A historic part of Leeds is being given a new lease of life as Kirkstall Forge is set kick start the regeneration of the area.
For over 800 years Kirkstall Forge has been a vital part of Leeds’ industrial heritage, with this part of the city forging metal since 1147 when Cistercian monks from the nearby Abbey began a centuries old tradition.
It’s in that tradition that Kirkstall Forge is set to be given another chance to be a part of Leeds’ rich landscape. The company developing the site, Commercial Estates Group (CEG), plan to expose the ancient forge to show the machinery and water wheels as a focus for the community’s central hub complete with shops, cafes and leisure facilities.
The design also plans to embrace the heritage of the site by reopening the medieval Mill Race to provide new ecological and landscape resource.
Plans drawn up by CEG and site owners GMV Twelve are impressive. The key features include the construction of 1045 units that will include 460 affordable homes across the 65-acre site, from spacious apartments to three and four storey abodes, improved transport links along the A65, and the reconstruction of Kirkstall Forge railway station, last in use in 1905.
Contractor I&H Brown has been appointed by CEG and the redevelopment of the site is well advanced. Central to the scheme is the reconstruction of the existing river banks to provide support for the new access roads and a new bridge linking the A65 with the railway station. Scheme consultant White Young Green specified the use of reinforced soil embankments and retaining walls for the new river bank works. Specialist installer Thomas Ben has appointed PaSCoE to undertake the detailed design and detailing for the reinforced soil works.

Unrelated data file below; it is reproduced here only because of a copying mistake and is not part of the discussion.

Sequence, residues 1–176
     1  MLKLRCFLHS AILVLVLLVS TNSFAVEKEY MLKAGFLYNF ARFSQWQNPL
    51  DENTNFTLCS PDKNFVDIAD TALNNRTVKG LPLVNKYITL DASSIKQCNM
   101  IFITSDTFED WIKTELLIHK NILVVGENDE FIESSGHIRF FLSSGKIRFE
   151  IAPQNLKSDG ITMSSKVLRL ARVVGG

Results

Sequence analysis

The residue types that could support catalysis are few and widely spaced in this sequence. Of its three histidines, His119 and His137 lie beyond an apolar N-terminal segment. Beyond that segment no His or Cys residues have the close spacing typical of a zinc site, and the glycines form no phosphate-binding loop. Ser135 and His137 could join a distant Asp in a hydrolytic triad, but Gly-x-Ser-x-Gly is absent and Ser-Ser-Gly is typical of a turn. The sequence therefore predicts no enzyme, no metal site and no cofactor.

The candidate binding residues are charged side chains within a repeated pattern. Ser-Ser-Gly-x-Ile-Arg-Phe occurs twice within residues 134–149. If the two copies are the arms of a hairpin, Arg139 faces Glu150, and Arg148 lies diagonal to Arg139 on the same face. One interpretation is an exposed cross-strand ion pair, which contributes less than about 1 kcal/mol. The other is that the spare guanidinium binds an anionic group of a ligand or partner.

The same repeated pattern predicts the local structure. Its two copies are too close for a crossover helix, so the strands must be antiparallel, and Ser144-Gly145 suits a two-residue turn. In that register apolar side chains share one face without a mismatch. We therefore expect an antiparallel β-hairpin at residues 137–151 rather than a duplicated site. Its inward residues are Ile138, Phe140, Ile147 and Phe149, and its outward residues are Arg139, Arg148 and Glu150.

The works to the North Bank will comprise one of the most advanced uses of reinforced soil seen in the UK to date. The lower section of the structure will be formed using a steep slope to support vegetation and natural habitat, with the upper section constructed using a segmental concrete block faced reinforced soil wall. A pedestrian walkway and lounge area will cantilever through the face of the reinforced soil wall to provide users with a platform above the River Aire.
The new integral bridge providing access to the railway station will be supported off reinforced soil embankments.
Construction of the reinforced soil works is expected to complete by October 2015.
The development has already scooped a top award – the scheme being named the best mixed-use development in the country at this year’s national Placemaking Awards.
Read article from New Civil Engineer 7th September 2015 [click here]